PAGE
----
Medical Definition of Fluoride

  • Medical Author:
    William C. Shiel Jr., MD, FACP, FACR

    Dr. Shiel received a Bachelor of Science degree with honors from the University of Notre Dame. There he was involved in research in radiation biology and received the Huisking Scholarship. After graduating from St. Louis University School of Medicine, he completed his Internal Medicine residency and Rheumatology fellowship at the University of California, Irvine. He is board-certified in Internal Medicine and Rheumatology.

Fluoride: A compound of fluorine with another element or radical. Fluoride containing compounds are used topical and systemic in the prevention of tooth decay. Fluoride ions replace hydroxyl ions in hydroxyapatite in teeth, forming fluorapatite, which leads to fewer cavities. Fluoride compounds are therefore added to some toothpastes and dentists may also give a yearly fluoride treatment. Fluoridation of water is considered by the U.S. Centers for Disease Control and Prevention as “one of the 10 treat public health achievements of the 20th century. The addition of fluoride to water systems is one of the major achievements in public health in the 20th century. It is generally recommended that fluorides be added to water supplies in which the natural level is less than 0.7 ppm in water to increase the concentration to 0.7-1.2 ppm. Dental fluorosis is considered the only accepted adverse effect of fluoridation. Fluoridation of water has its critics. See also: Water fluoridation.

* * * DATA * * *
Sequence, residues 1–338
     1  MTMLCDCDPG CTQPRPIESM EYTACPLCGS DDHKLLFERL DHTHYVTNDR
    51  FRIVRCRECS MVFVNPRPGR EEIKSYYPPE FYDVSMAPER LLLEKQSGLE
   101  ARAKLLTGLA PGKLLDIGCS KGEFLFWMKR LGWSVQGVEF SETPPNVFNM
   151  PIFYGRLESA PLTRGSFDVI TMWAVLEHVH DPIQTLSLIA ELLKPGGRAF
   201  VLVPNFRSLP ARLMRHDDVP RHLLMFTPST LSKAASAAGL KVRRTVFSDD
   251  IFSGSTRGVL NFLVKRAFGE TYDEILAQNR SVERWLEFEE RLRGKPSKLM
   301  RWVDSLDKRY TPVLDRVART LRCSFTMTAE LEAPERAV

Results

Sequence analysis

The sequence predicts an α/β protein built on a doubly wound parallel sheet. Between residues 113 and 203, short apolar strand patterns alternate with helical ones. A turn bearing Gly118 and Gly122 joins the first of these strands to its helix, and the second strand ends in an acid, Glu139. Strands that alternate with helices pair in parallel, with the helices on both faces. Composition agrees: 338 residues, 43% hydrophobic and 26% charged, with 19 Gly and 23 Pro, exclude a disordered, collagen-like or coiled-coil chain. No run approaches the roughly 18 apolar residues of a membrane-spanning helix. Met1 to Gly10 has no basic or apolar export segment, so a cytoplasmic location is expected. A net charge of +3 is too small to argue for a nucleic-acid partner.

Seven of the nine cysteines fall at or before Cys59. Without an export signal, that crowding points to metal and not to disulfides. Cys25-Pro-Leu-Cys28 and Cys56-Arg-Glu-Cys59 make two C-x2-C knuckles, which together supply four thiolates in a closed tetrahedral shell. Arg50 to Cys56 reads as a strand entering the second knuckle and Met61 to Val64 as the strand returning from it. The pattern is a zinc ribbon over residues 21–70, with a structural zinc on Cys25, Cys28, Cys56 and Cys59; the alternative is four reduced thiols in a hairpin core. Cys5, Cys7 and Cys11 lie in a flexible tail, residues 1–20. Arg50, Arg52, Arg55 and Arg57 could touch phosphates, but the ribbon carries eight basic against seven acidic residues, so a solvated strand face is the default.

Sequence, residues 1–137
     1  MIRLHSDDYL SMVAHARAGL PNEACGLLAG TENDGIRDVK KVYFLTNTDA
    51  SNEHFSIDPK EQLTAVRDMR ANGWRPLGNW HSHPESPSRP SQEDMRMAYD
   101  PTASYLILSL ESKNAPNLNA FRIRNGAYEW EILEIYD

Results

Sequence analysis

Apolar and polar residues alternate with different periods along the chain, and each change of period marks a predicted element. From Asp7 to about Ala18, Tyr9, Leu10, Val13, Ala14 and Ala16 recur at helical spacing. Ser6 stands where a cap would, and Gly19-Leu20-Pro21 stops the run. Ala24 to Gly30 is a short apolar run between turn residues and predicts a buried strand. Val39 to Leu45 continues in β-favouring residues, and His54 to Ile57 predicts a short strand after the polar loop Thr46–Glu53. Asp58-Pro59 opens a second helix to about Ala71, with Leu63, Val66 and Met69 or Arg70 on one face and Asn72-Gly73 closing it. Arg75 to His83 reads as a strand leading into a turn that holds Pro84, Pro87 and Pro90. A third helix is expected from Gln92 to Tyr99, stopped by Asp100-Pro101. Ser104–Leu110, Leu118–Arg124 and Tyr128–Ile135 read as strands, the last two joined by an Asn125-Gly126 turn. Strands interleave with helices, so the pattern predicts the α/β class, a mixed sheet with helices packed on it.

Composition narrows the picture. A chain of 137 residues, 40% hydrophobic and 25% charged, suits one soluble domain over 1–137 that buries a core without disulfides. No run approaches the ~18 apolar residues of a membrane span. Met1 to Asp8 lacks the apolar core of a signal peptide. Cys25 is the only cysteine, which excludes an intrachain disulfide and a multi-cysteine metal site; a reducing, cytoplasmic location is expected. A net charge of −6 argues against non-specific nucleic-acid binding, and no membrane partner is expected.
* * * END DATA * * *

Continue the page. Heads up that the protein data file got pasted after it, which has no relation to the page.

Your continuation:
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Reviewed on 12/11/2018

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